Arterial grafts: clinical classification and pharmacological management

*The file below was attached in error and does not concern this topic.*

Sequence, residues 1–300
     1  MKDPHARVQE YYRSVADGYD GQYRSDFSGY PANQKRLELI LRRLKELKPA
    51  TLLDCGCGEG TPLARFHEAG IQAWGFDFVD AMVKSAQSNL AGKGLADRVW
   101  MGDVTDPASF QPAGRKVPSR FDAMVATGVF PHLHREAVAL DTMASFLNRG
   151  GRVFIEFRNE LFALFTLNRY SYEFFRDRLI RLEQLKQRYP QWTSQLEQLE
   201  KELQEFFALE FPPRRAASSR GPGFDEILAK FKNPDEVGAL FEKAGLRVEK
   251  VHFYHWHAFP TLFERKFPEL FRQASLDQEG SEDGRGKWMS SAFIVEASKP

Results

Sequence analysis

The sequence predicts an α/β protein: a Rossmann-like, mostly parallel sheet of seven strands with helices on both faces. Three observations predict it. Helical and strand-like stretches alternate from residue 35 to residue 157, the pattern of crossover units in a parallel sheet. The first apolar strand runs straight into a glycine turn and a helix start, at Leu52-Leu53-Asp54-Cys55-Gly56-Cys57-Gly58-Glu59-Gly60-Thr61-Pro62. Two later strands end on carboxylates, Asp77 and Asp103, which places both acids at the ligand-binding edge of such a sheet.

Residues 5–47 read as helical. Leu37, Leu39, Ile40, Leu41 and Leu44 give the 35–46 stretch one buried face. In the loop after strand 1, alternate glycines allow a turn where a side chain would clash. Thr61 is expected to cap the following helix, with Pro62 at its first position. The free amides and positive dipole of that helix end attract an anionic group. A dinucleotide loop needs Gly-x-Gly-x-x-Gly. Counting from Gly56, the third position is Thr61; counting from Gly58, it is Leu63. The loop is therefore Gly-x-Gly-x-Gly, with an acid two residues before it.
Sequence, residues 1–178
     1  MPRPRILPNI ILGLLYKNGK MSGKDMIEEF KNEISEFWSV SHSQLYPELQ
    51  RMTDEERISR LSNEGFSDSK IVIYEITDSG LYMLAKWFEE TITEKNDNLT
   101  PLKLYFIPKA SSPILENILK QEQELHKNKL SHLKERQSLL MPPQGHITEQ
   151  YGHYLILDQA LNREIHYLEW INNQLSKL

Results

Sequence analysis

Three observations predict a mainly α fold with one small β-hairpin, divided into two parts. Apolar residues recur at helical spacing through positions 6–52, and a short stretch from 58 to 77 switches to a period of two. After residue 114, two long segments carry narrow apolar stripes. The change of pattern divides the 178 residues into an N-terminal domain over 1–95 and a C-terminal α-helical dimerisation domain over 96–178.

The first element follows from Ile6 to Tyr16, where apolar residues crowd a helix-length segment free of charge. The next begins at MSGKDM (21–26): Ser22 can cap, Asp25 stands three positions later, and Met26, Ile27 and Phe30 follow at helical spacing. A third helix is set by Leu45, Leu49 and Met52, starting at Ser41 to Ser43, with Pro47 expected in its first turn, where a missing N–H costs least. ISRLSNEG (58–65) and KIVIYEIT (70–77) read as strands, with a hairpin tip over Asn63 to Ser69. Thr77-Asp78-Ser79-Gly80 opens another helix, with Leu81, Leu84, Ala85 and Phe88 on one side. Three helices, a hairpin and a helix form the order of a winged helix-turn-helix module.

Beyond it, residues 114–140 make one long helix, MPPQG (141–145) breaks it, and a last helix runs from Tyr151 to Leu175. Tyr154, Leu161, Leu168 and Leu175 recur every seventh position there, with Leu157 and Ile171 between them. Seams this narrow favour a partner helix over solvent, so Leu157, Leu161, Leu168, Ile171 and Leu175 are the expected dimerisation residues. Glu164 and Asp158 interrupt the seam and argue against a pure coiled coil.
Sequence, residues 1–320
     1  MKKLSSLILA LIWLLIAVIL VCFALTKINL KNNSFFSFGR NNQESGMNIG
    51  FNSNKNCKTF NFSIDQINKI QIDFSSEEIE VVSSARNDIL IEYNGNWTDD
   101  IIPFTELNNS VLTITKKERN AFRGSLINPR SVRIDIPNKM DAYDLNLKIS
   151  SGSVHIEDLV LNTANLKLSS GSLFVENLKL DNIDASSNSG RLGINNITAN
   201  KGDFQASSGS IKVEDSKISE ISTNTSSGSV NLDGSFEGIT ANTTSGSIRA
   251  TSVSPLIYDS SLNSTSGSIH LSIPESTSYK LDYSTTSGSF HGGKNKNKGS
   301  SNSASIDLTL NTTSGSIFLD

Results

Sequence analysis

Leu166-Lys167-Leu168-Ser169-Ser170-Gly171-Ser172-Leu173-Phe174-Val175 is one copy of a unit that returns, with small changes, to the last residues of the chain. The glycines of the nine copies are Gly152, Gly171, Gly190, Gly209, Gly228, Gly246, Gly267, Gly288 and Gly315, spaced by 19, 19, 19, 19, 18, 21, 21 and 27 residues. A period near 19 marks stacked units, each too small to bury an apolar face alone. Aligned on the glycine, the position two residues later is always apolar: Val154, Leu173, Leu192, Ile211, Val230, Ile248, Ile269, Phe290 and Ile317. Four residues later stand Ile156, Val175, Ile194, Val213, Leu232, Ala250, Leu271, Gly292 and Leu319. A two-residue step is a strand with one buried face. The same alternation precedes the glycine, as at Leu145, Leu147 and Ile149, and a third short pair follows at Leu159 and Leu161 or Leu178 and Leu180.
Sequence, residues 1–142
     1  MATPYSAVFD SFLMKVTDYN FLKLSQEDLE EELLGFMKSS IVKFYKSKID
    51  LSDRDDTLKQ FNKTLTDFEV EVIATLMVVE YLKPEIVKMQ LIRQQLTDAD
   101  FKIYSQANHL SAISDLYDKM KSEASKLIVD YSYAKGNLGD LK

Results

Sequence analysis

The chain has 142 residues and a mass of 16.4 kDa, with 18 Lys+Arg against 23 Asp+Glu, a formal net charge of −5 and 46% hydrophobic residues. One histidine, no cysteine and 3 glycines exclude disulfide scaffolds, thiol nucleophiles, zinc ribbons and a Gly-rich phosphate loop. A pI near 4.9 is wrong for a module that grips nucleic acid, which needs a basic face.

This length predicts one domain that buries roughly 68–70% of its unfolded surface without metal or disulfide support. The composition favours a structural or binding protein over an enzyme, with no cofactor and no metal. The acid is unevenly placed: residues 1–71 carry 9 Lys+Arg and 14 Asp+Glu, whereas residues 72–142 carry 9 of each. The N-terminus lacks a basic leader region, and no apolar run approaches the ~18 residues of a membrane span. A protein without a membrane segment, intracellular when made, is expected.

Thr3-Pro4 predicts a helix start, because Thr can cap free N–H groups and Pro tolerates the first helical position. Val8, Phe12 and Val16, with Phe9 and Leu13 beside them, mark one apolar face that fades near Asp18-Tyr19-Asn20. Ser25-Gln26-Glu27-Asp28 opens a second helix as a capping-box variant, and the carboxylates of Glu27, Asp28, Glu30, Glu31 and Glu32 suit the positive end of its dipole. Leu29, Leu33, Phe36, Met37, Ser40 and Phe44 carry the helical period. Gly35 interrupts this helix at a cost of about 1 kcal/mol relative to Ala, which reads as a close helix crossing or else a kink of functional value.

In comparison with standard saphenous vein grafts, use of the internal mammary artery (IMA) as a coronary artery bypass graft has achieved superior long-term results. This is related to the differences in the biological characteristics between the venous and arterial grafts. However, even arterial grafts are not uniform in their biological characteristics. The variation in the perioperative behavior of the grafts and in their long-term patency may be related to different characteristics. These factors should be taken into account in the use of arterial grafts, some of which are subjected to more active pharmacological intervention during and after the operation to obtain satisfactory results. To better understand the biological behavior of the grafts, their common features and their differences, a clinical classification may be useful for a practicing surgeon. Based on experimental studies of their vasoreactivity combined with anatomical, physiological and embryological considerations, we have proposed a functional classification for arterial grafts that may be useful clinically. Our classification suggests that there are three types of arterial grafts: Type I—somatic arteries; Type II— splanchnic arteries; and Type III—limb arteries. Type I arteries have enhanced endothelial function and release more nitric oxide and other relaxing factors. Type II arteries, such as the gastro-epiploic artery, and Type III arteries, such as the radial artery (RA), have higher pharmacological reactivity to vasoconstrictors. This classification explains why the IMA has the best long-term patency. Because Type II and III arteries are prone to spasms due to higher contractility, they require more active pharmacological interventions. Furthermore, the harvesting technique of the conduits, including the saphenous vein and IMA, are described and discussed in this article. Prevention of spasms using two cocktails of medications (verapamil + nitroglycerin and nicardipine + nitroglycerin) during harvesting of the conduits is described. These solutions have been demonstrated to be clinically effective.